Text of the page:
From Overton Carr
Decbr 25th 1801.
The Bearer will deliver to your Steward, a Bacon Ham, which has been cured Seven years, & which I request the favour of you to accept as a present. Dean Swift observes, that a present should consist of something, of no great value, and which cannot be purchased with money. If his definition be correct, of which I have no doubt, this Ham comes perfectly within it; for although Bacon Hams may be had in abundance, yet one that is Seven years old, & Sound, I think it will be difficult to find: my only solicitude is, that it may be1 worth your acceptance, in that case, I shall lament, that I have not a dozen of the same kind, as the Deans definition would not be departed from. I wish you many happy returns of the Season, & am Dr Sir with great respect, & esteem, yr friend & obliged Hm Servt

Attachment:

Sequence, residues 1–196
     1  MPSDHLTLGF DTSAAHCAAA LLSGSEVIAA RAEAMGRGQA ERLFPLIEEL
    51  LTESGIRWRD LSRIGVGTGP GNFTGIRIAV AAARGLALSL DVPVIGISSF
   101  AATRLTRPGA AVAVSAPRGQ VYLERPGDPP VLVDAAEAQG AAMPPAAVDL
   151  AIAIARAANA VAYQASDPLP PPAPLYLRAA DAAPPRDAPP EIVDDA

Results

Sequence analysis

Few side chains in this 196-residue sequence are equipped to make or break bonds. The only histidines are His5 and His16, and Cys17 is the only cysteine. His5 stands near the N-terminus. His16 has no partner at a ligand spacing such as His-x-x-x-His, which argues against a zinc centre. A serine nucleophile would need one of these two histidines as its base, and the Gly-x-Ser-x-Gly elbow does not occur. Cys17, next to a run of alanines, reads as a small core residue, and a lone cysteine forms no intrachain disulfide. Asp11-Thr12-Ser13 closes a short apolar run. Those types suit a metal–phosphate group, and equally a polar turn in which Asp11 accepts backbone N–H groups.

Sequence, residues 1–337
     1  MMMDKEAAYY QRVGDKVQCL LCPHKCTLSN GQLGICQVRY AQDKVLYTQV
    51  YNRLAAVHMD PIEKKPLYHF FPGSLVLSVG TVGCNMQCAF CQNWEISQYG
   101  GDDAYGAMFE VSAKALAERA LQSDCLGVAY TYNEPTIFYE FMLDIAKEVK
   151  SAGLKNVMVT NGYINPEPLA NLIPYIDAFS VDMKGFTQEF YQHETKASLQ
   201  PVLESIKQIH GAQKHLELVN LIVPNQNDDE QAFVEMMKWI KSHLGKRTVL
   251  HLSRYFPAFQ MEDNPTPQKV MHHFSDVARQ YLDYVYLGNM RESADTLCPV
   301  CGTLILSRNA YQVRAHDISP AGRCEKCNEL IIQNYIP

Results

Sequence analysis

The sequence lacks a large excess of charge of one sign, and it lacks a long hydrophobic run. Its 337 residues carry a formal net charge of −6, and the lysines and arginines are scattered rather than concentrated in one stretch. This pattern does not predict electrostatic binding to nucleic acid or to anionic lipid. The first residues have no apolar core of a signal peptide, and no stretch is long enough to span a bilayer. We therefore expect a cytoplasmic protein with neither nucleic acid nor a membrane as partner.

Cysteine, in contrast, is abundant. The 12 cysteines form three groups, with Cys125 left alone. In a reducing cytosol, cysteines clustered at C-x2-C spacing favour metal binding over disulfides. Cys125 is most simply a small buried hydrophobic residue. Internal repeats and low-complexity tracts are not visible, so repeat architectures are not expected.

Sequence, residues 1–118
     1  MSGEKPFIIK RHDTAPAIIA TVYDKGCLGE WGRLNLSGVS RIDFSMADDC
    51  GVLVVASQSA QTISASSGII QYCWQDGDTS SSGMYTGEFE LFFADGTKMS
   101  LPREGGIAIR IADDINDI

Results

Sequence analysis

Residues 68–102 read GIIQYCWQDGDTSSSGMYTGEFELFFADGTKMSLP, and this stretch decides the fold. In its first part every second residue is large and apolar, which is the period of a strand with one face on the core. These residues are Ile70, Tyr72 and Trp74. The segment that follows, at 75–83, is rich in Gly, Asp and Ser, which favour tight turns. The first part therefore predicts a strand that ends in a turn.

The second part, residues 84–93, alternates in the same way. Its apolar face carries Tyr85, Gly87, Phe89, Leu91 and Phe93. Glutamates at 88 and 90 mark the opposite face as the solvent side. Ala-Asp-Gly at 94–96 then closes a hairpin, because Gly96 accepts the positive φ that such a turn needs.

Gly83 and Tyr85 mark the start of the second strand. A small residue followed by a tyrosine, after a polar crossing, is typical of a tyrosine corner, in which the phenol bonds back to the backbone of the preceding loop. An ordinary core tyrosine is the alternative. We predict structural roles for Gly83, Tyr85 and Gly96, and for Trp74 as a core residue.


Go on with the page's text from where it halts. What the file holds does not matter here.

RC (ViU: Carr-Cary Papers); endorsed by TJ as received 25 Dec. and so recorded in SJL.
Overton Carr (b. 1752), the brother of TJ’s brother-in-law, Dabney Carr, settled in Georgetown and was an original proprietor of land in the Federal District. He owned a 358-acre plantation in the Hopyard tract, which he conveyed in trust for the district in 1791 and later sold (Bryan, National Capital description begins Wilhelmus B. Bryan, A History of the National Capital from Its Foundation through the Period of the Adoption of the Organic Act, New York, 1914–16, 2 vols. description ends , 1:135, 321; RCHS description begins Records of the Columbia Historical Society, 1895–1989 description ends , 57–59 [1957–59], 146; Edson I. Carr, The Carr Family Records [Rockton, Ill., 1894]; Vol. 6:167).
Present Should Consist: a paraphrase of a remark that Jonathan Swift attributed to his longtime friend Esther Johnson (“Stella”) in a tribute written at the time of her death (“On the Death of Mrs. Johnson,” printed in Herbert Davis and others, eds., The Prose Works of Jonathan Swift, 16 vols. [Oxford, 1939–74], 5:233).
1. Word supplied by Editors.